There are 5 species in Zimbabwe; all are rather rare shrubs or small trees of the E and SE, and we were privileged to see three of them. The first one seen was Rinorea ilicifolia (Holly-leaves Rinorea). I was amazed to see how like a Euphorbiaceae it is with its 3-lobed fruit and alternate leaves; indeed the some¬what toothed leaves are said to resemble Drypetes natalensis, which does belong to the Euphorbiaceae. The specific name means with leaves like a holly (Ilex). The leaves are larger than other species of the genus. It is very rare in Zimbabwe and occurs in the Haroni-Rusitu forest.
Rinorea ferruginea (Hairy-leaved Rinorea) is more common; for example it is quite frequent in the Chirinda Forest. The leaves are narrowly elliptic or oblanceolate and are less prickly than Rinorea ilicifolia. Finally, we saw Rinorea convallarioides, once again occurring at Haroni-Rusitu and in the Chirinda forest. This is a species with smaller leaves.

Finally, Cordia grandicalyx. Like Ptaeroxylon obliquum, this tree occurs in the SE lowveld and also in the Matopos. The leaves are rough, but not as rough as the really scabrid Cordia monoica, and are almost circular in shape. The calyx as the name suggests is large and according to Coates Palgrave is expanded and frilled and also sometimes recurved. The family is Boraginaceae, which is mainly herbaceous, but also includes in our area the woody genera Cordia and Ehretia and indeed some authorities separate off the woody species into separate families.

Once again, a big thank you to Tom for giving up his spare time for the Society.

-Mark Hyde



The Drosera spp., commonly known as Sundews, appears to be little-encountered or remarked upon in Tree Life. Since issue No. 180 (February 1995) there has been only a single mention of this fascinating genus of plants – “Higher up the slope in the wet soaks the pinky-white lobes of the insectivorous Drosera sp. lay flat waiting for a fly or similar prey to visit.” BUCHWA – 12 AUGUST 1996, In search of Oreobambos buchwaldii, October 1996 No. 200
So, I ask, is this genus that uncommon or are our intrepid Tree Society foot-stampers venturing only into dry territory, the above notwithstanding? It’s clearly time to awaken members to this group of wonderful and overlooked plants.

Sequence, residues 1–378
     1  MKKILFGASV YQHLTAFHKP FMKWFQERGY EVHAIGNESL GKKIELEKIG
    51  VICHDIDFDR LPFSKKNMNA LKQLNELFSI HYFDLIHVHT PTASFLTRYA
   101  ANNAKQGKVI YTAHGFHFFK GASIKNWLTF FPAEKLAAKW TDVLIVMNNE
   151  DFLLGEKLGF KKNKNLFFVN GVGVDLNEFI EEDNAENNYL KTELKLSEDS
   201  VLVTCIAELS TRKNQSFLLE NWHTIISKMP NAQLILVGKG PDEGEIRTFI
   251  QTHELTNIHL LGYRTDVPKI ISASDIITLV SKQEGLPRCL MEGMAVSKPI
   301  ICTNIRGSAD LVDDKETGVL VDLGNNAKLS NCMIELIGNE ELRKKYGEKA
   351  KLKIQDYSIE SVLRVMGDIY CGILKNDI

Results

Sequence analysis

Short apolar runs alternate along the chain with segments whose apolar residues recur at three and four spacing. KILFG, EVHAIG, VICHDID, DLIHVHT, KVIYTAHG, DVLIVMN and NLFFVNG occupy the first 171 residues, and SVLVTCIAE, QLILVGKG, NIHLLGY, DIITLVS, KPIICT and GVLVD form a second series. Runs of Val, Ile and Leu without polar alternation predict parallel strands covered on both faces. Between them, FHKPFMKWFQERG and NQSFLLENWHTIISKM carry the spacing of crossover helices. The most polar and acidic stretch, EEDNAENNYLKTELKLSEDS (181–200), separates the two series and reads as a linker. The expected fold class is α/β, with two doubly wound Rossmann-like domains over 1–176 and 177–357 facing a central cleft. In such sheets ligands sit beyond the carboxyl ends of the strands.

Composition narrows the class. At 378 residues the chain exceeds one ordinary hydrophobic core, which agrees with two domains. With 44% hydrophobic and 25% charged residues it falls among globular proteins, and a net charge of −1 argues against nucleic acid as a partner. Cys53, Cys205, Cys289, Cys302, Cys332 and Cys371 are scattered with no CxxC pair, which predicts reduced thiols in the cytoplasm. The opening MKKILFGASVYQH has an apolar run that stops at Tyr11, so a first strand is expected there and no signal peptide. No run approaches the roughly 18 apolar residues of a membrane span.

The Botanical Garden
Queen of the marsh, imperial Drosera treads
Rush-fringed banks, and moss-embroider’d beds;
Redundant folds of glossy silk surrounds
Her slender waist, and trail upon the ground;
Five sister-nymphs collect with graceful ease,
Or spread the floating purple to the breeze;
And five fair youths with duteous love comply
With each soft mandate of her moving eye.
Dr. Erasmus Darwin, grandfather of Charles Darwin, publ. 1791

Drosera belongs in the Droseraceae family, the second largest carnivorous genus after Utricularia family Lentibulariaceae. Three other genera comprise the family: Drosophyllum (Portugal, Spain and Morocco), Dionaea (East Coast North America – the Carolinas), and Aldrovanda (Europe, Japan and Asia, northern Australia and Africa).

Dionaea muscipula. Photo: Wikipedia

All these are carnivorous (or insectivorous) plants and most people are familiar with the Venus flytrap – Dionaea muscipula. Dionaea, Aldrovanda and Drosophyllum are monotypic, the latter being restricted to small areas. Aldrovanda is an attractive floating plant called the waterwheel plant and is similar to the Venus flytrap in that it has traps which act in much the same way. The closest it comes to Zimbabwe is the Linyanti/Okavango in Botswana, though it has also been recorded in Mozambique (Flora Zambesiaca 4).

Drosera are distributed worldwide; with representatives on all continents barring Antarctica (& Greenland?) there are some 125 species, with many hybrids and sub¬species and varieties. Australian’s are lucky in having the bulk of species – over half! This is not to say that Drosera is averse to snow since Drosera arcturi for instance occurs on the New Zealand Alps. Before describing the leaves of the sundews I’ll deal with their basic growth forms. Above ground: keys divide them into either caulescent or acaulescent. The acaulescent species have no stem or at most a very short unnoticeable one and thus form a basal rosette of leaves surrounding the growth point and sit practically on the ground – in Zimbabwe Drosera dielsiana, Drosera burkeana (and sometimes Drosera madagascariensis). Drosera madagascariensis, Drosera affinis and Drosera indica, the stemmed – caulescent – forms have longer petioles and alternate leaves, tending from elliptic, obovate or spathulate to linear. These can reach heights of ½ m in the annual D. indica.